By: Jun Ji-hye

The rival parties used widely different campaign strategies to woo voters in the lead-up to Wednesday’s neck-and-neck by-elections.

The ruling Saenuri Party came up with the concept of a middle-aged woman, calling itself “Saejumma,” a compound word combing Saenuri and ajumma (middle-aged woman in Korean).

The concept was designed to stress its pledge to carefully look after the local economy like a frugal housewife.

“Like mothers who know everything about what family members need, the ruling party candidates well know the needs for the region,” Kim told reporters during campaigning.

In an effort to maximize the concept, Saenuri Party Chairman Rep. Kim Moo-sung met with voters, wearing a red apron and household rubber gloves. Red is the symbolic color of the governing camp.

Ahead of the election, Kim again stressed that if the party’s candidates are elected, the party will fully support them, including financial support so that they can effectively implement their election pledges in their regions.

Secretary General Rep. Lee Koon-hyon echoed the chairman, saying, “I hope voters carefully think about who will work for the development of the region and choose them. I hope voters make a cool-headed assessment of which party can take responsibility for the people’s livelihoods.”

The ruling party believes that it will be successful if it wins at least two seats in the elections, with a total of four seats up for grabs.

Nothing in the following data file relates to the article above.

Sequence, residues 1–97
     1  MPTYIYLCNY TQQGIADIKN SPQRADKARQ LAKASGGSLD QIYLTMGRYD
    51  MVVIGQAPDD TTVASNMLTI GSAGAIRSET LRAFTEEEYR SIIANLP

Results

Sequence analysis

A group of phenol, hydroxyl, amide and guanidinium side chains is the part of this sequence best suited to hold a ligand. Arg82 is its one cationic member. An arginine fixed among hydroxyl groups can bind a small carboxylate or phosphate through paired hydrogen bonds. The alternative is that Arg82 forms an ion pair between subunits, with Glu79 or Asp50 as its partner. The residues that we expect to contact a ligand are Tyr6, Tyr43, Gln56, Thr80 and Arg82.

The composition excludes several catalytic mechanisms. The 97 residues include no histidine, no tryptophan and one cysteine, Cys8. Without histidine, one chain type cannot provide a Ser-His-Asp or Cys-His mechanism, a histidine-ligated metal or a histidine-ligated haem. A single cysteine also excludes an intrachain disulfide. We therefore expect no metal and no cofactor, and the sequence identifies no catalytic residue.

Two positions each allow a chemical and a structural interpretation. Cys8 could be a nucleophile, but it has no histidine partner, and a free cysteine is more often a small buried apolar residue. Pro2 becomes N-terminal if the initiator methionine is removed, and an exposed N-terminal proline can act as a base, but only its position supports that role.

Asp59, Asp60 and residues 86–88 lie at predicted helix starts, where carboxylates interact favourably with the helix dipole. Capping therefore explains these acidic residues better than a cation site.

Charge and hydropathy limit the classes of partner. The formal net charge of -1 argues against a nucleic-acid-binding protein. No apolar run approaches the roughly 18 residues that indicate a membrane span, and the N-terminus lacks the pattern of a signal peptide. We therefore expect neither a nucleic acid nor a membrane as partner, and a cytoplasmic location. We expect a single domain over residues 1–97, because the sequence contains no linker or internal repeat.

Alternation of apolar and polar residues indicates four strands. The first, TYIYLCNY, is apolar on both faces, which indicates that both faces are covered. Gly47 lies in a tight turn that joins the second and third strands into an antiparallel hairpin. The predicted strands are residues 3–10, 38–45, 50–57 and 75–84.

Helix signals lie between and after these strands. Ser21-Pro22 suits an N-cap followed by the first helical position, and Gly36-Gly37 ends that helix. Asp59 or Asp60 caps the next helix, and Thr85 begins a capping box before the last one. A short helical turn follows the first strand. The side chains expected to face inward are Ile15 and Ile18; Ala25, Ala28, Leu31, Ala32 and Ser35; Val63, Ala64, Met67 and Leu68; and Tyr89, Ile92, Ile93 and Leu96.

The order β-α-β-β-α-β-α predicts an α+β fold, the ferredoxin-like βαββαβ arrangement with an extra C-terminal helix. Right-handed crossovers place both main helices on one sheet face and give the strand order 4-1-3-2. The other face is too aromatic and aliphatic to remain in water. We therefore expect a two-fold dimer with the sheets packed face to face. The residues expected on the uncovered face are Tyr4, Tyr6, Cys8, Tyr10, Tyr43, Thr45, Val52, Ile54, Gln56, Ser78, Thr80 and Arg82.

It was keeping on its toes until the last minute, paying keen attention to the possible impact of the bribery scandal involving deceased Keangnam Enterprises Chairman Sung Woan-jong and a number of figures from the governing camp.

The main opposition New Politics Alliance for Democracy (NPAD) initially used a slogan that it was the “competent party in economic policies.” Holding a policy expo that ran from April 6 to 8, it stressed its plans to revive the economy through growth based on an increase in household income.

In the wake of the Sung scandal, however, it changed that strategy to focus on the perceived shortcomings of the Park Geun-hye government.

NPAD Chairman Rep. Moon Jae-in said during a visit to Seogu/Ganghwa-B in Incheon, Monday, “The Park government has suffered power-related corruption, as well as a failure in economic policies and the appointment of officials.”

The largest opposition party also had a goal of winning at least two seats. In particular, it desperately wanted to defend Seogu-B in Gwangju, a traditional home turf of liberal parties.

“We assess that winning at least two seats would reflect the public support toward us,” said Secretary General Rep. Yang Seoung-jo. “If we are defeated in Gwangju, we will suffer massive aftereffects.”

Gwanak-B in Seoul; Jungwon in Seongnam, Gyeonggi Province; Seogu-B in Gwangju, and Seogu/Ganghwa-B in Incheon were contested in Wednesday’s elections.

Despite the comparatively small number of seats being contested, the ballot is regarded as meaningful because it will be a litmus test for public sentiment a year before the 2016 general election.